Whether you are aiming to catch a bass in the open sea or looking for a trout in your local pond, you need good fishing gear and among all the fishing tools, fishing line is perhaps the most important tool. Even if there is a slight flaw in your line, you may have to face failure and disappointment in your fishing expedition. Fishing lines need maintenance. Unfortunately, anglers unknowingly commit mistakes in their upkeep and then fishing lines get damaged. Here are a few such mistakes and tips on how to avoid them.
Like every other thing, fishing lines too are not everlasting. Are you under the impression that the mono which caught the trophy sailfish last season for you will work equally powerfully this season too? Or are you just being lazy to change the line? In any case, fishing lines need to change, more so, when they are cheap. If you compare fluorocarbon vs. monofilament vs. braided fishing line though, braids are more advanced and don’t need to be changed as often as mono and fluorocarbon. Lines are however affected by heat, light and weather elements. If you notice that your line has become brittle, is not casting smoothly and is breaking easily, you should replace it with a new fresh line. Otherwise you may have to repent for it.
Spooling the Line Incorrectly
Not many, but some anglers make this mistake. While spooling the line on a reel, they spool it sometimes loose and sometimes tight. This causes uneven spooling due to which the line overlaps over itself. Then when it is wrenched down under a heavy fish, it digs into itself and thus causes kinks and creases which damages it. Remember to maintain a uniform tension on the line while spooling and keep the tension centered on your rod so that there will be an even spool on your reel.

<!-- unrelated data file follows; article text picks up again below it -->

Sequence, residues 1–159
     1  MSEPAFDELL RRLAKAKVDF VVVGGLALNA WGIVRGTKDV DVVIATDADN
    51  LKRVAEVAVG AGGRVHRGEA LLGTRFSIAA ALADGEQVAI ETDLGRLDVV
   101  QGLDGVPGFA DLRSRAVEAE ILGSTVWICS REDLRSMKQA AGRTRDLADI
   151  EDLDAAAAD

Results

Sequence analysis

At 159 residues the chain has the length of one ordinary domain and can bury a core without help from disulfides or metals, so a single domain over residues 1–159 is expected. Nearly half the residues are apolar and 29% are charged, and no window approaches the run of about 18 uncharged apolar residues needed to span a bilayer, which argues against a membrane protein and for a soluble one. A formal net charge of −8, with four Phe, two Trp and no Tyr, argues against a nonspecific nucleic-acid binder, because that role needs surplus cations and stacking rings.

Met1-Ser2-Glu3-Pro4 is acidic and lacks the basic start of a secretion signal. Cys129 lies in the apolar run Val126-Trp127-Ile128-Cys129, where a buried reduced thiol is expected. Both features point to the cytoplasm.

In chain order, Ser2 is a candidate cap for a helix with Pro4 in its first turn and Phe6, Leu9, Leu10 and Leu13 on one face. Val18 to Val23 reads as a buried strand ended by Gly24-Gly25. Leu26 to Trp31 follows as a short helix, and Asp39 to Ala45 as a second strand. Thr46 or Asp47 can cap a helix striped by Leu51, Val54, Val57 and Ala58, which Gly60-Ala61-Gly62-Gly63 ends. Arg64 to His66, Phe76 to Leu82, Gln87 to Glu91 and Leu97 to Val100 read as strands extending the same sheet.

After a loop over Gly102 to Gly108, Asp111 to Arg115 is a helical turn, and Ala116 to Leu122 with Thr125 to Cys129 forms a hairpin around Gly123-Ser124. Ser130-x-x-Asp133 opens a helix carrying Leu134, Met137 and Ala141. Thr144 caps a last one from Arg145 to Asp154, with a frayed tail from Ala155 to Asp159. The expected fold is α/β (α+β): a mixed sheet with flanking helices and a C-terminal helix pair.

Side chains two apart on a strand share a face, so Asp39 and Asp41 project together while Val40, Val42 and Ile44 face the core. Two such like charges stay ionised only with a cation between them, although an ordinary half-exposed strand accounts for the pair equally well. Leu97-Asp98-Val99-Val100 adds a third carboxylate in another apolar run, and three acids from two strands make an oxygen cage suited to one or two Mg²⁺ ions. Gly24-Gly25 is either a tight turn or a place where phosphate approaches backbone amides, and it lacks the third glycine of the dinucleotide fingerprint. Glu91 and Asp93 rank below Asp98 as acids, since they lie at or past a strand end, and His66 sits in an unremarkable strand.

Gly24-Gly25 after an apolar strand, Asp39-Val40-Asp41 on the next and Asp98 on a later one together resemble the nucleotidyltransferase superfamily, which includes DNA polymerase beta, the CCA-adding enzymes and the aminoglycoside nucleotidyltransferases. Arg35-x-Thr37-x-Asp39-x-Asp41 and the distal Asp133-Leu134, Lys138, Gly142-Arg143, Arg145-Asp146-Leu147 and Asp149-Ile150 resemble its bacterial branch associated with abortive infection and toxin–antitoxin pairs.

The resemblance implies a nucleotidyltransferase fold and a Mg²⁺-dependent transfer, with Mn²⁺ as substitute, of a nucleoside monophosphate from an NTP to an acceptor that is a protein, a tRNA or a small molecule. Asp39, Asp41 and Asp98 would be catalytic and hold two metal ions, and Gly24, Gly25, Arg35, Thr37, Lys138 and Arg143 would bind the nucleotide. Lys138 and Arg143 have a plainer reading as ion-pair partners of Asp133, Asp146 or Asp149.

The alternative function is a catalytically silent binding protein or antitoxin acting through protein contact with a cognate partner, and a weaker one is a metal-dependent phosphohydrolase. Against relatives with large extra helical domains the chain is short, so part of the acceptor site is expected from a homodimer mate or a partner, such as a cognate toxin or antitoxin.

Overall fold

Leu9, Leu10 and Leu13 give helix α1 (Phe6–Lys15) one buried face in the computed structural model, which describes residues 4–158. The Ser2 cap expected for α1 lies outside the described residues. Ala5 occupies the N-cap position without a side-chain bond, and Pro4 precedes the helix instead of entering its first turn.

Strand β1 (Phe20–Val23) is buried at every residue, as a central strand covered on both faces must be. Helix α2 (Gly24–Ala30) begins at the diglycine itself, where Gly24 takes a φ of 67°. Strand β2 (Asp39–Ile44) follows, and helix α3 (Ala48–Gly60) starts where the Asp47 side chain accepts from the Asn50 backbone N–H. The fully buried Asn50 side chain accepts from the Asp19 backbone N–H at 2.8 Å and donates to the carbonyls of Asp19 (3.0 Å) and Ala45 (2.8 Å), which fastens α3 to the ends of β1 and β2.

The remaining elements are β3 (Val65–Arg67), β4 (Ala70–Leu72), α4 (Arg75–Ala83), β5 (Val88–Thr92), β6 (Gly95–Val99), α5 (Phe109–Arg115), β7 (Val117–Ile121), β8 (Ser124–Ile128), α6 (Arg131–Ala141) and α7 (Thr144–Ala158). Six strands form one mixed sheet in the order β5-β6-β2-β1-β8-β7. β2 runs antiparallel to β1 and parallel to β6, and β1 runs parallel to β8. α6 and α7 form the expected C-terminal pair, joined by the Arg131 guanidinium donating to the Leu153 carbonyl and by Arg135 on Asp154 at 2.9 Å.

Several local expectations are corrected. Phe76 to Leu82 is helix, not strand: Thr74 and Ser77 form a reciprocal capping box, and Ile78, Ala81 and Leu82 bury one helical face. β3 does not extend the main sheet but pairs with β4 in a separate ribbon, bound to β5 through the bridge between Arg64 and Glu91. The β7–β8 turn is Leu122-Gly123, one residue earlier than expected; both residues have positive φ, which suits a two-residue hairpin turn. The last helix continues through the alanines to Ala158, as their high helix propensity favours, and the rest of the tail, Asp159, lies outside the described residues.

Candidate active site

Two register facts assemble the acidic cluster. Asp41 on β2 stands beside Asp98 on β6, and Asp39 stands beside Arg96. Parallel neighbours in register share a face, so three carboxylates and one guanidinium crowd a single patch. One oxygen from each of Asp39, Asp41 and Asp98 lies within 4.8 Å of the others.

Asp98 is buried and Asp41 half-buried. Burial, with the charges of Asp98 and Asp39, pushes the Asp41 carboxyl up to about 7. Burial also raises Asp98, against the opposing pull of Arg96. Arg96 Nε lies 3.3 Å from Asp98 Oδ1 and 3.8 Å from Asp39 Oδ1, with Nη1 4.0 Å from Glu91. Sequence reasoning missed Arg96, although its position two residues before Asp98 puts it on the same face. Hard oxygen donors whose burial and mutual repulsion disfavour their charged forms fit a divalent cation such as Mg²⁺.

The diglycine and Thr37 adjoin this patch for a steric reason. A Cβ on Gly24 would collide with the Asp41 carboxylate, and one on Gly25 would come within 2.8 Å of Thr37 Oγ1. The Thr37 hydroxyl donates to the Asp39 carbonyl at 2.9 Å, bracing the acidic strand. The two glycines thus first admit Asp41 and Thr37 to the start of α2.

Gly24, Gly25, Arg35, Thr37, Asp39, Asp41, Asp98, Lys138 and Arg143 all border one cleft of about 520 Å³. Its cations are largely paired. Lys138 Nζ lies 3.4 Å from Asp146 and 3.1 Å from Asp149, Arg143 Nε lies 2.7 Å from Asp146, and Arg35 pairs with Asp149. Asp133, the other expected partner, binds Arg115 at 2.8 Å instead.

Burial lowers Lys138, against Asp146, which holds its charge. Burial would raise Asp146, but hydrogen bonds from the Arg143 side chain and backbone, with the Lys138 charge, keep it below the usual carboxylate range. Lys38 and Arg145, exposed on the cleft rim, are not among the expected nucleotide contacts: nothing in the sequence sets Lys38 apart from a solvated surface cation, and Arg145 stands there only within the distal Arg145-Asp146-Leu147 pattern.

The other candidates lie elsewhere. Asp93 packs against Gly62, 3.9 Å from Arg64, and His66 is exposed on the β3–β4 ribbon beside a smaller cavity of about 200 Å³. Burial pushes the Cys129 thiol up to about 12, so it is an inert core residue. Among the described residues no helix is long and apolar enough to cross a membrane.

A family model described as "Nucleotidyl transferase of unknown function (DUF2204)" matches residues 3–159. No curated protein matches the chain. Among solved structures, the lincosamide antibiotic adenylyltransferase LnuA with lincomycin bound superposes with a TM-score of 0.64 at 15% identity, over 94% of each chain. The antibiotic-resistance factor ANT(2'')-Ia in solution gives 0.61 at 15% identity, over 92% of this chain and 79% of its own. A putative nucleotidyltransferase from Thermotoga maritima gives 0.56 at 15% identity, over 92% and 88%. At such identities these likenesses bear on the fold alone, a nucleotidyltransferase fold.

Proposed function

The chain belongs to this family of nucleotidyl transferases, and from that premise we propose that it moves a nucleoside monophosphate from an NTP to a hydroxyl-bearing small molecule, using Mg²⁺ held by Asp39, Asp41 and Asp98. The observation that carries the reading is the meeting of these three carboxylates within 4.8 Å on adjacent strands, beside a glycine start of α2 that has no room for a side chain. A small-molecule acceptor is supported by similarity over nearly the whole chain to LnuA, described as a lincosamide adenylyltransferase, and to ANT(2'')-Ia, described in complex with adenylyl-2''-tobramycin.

Storing Lines in Light and Heat
You might know that heat can badly affect fishing lines. But you may not know that it’s proved by studies that light is even more harmful and responsible for breakdown of fishing lines. Therefore, as far as possible, store all your fishing lines in a cool dark place, if you want to prolong their life and keep them as functional as new. This is key to good fishing line maintenance!
Tying the Lures Hurriedly
Many anglers are seen to tie a new lure or retie the same lure without wetting the knot and cinching it down hurriedly. This causes friction and burning that can reduce the strength of the line. This is true even if you check monofilament vs. braided fishing line. Therefore while tying the lures, overlapping and twisting should be avoided. Friction can be avoided by pulling them tight slowly and remember to wet your line before you cinch it.
Strapping the Line Too Tightly
A hook hanger is indeed a useful tool which helps anglers to store their rods attached to baits in an organized way. However, it’s seen that so many anglers store their rods in this way but with big kinks in the line. This happens due to the fact that they add the lure to the rod and then notch down the reel as tight as they can. This makes the top eyelet pinch a groove in the line. The kink goes on worsening for the period it is stored and a weak spot is formed in the line. This problem has a simple solution – not to tie the line down so tight. Now as there are rod gloves around, anything doesn’t have to be tightened so much. The rod glove keeps everything in place should something become loose.
Have a Great Fishing Trip and Always Remember to Practice Proper Fishing Line Maintenance!
Besides avoiding these mistakes, it’s also necessary to check for any faults, creases and nicks in your fishing line. And if it’s not behaving normally, perhaps you should change it to a new one. All the best for your next fishing trip! Finally, check out our choices for the best mono, fluoro and braid lines here: